| King Lear
| Act 2, Scene 2
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Enter KENT and OSWALD, severallyOSWALD
Good dawning to thee, friend: art of this house?KENT
Where may we set our horses?KENT
I' the mire.OSWALD
Prithee, if thou lovest me, tell me.KENT
I love thee not.OSWALD
Why, then, I care not for thee.KENT
If I had thee in Lipsbury pinfold, I would make theeOSWALD
care for me.
Why dost thou use me thus? I know thee not.KENT
Fellow, I know thee.OSWALD
What dost thou know me for?KENT
A knave; a rascal; an eater of broken meats; aOSWALD
base, proud, shallow, beggarly, three-suited,
hundred-pound, filthy, worsted-stocking knave; a
lily-livered, action-taking knave, a whoreson,
glass-gazing, super-serviceable finical rogue;
one-trunk-inheriting slave; one that wouldst be a
bawd, in way of good service, and art nothing but
the composition of a knave, beggar, coward, pandar,
and the son and heir of a mongrel bitch: one whom I
will beat into clamorous whining, if thou deniest
the least syllable of thy addition.
Why, what a monstrous fellow art thou, thus to railKENT
on one that is neither known of thee nor knows thee!
What a brazen-faced varlet art thou, to deny thouOSWALD
knowest me! Is it two days ago since I tripped up
thy heels, and beat thee before the king? Draw, you
rogue: for, though it be night, yet the moon
shines; I'll make a sop o' the moonshine of you:
draw, you whoreson cullionly barber-monger, draw.
Drawing his sword
Away! I have nothing to do with thee.KENT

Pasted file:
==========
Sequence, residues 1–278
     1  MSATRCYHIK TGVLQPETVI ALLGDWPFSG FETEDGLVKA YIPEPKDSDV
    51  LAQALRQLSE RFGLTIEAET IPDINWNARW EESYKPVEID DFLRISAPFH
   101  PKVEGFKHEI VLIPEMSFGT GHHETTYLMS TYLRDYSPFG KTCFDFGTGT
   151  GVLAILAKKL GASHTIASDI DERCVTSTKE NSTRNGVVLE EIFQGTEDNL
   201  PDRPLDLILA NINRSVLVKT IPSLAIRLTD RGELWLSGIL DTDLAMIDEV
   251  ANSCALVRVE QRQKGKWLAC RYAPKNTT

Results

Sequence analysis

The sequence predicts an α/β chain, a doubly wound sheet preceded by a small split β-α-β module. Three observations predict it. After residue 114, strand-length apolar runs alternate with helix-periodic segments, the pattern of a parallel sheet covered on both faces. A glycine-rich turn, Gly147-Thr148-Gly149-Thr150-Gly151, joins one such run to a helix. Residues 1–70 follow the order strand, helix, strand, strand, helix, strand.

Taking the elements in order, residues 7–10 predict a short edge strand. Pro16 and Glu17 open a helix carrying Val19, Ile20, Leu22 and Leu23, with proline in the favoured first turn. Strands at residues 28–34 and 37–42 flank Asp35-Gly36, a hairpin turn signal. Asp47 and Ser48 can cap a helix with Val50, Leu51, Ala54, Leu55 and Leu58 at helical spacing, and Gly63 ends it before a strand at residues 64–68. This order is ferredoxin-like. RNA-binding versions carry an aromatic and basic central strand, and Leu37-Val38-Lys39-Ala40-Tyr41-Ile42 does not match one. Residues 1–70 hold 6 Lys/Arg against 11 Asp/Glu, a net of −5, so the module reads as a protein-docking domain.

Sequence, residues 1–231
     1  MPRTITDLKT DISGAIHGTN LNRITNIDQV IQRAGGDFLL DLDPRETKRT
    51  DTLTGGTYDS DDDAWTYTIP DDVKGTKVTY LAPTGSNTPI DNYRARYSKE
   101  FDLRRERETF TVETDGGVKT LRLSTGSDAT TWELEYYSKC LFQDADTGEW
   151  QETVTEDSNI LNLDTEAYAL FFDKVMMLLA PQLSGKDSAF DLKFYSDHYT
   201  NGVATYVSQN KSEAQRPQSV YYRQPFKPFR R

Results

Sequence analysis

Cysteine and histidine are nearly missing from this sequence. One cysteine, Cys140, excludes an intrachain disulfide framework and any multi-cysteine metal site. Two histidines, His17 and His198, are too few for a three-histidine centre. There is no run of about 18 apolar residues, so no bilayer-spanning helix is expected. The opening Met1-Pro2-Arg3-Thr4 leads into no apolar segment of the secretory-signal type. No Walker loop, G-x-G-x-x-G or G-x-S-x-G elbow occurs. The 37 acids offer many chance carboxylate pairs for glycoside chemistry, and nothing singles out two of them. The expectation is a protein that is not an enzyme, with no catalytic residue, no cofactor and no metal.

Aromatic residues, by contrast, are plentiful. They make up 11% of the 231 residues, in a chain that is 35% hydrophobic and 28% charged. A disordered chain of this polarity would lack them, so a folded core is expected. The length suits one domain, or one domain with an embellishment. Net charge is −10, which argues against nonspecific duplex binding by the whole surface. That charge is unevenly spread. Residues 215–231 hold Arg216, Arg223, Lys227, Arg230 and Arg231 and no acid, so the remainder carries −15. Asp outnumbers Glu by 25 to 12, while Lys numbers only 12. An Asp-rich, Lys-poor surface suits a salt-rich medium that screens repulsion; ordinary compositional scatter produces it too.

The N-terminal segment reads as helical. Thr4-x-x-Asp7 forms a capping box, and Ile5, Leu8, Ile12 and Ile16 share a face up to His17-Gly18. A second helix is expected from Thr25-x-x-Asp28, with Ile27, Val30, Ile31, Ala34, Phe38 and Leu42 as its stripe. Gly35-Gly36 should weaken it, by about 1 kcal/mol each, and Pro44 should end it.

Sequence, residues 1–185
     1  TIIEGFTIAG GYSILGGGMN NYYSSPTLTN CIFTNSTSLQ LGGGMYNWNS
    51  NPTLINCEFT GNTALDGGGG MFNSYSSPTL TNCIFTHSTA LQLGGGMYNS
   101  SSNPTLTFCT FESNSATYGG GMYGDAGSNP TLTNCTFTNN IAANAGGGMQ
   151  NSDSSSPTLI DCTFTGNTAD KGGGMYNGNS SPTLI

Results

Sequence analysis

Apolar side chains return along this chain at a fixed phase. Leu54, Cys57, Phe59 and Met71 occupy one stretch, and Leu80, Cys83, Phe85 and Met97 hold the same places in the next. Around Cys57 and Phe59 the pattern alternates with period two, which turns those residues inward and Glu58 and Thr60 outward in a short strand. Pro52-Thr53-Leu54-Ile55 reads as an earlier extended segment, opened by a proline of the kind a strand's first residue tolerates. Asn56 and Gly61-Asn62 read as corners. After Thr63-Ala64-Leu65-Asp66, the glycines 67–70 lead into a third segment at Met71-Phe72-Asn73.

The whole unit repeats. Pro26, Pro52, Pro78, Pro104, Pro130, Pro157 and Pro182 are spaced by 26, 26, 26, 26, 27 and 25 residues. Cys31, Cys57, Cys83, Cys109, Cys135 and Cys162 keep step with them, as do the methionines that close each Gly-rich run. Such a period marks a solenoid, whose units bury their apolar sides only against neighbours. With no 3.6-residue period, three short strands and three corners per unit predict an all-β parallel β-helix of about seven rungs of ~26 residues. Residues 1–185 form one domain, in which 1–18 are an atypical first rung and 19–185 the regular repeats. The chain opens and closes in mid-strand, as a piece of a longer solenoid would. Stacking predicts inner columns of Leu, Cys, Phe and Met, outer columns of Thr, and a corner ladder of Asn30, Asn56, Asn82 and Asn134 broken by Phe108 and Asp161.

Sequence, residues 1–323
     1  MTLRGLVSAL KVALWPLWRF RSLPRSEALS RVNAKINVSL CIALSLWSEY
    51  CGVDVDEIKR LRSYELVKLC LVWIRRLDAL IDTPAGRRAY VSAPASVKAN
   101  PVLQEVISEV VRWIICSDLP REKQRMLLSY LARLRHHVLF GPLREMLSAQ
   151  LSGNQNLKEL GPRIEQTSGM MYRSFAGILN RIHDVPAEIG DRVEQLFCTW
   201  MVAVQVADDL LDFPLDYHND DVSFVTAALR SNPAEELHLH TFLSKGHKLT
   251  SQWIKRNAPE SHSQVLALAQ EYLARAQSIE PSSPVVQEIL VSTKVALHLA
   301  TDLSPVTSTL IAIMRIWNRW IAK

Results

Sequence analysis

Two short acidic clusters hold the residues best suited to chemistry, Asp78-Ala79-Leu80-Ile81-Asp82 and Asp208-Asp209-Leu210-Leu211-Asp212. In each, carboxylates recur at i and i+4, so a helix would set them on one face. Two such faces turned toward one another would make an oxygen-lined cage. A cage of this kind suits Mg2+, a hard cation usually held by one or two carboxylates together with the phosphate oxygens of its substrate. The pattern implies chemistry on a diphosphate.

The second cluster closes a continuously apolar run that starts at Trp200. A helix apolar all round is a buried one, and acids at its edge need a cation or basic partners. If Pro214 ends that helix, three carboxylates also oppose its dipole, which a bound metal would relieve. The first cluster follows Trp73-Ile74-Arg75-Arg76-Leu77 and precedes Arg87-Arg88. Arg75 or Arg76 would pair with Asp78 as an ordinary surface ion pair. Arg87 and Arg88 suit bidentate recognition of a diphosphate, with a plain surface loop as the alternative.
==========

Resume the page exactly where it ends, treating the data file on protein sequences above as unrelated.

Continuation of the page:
Draw, you rascal: you come with letters against theOSWALD
king; and take vanity the puppet's part against the
royalty of her father: draw, you rogue, or I'll so
carbonado your shanks: draw, you rascal; come your ways.
Help, ho! murder! help!KENT
Strike, you slave; stand, rogue, stand; you neatOSWALD
Help, ho! murder! murder!EDMUND
Enter EDMUND, with his rapier drawn, CORNWALL, REGAN, GLOUCESTER, and Servants
How now! What's the matter?KENT
With you, goodman boy, an you please: come, I'llGLOUCESTER
flesh ye; come on, young master.
Weapons! arms! What 's the matter here?CORNWALL
Keep peace, upon your lives:REGAN
He dies that strikes again. What is the matter?
The messengers from our sister and the king.CORNWALL
What is your difference? speak.OSWALD
I am scarce in breath, my lord.KENT
No marvel, you have so bestirred your valour. YouCORNWALL
cowardly rascal, nature disclaims in thee: a
tailor made thee.
Thou art a strange fellow: a tailor make a man?KENT
Ay, a tailor, sir: a stone-cutter or painter couldCORNWALL
not have made him so ill, though he had been but two
hours at the trade.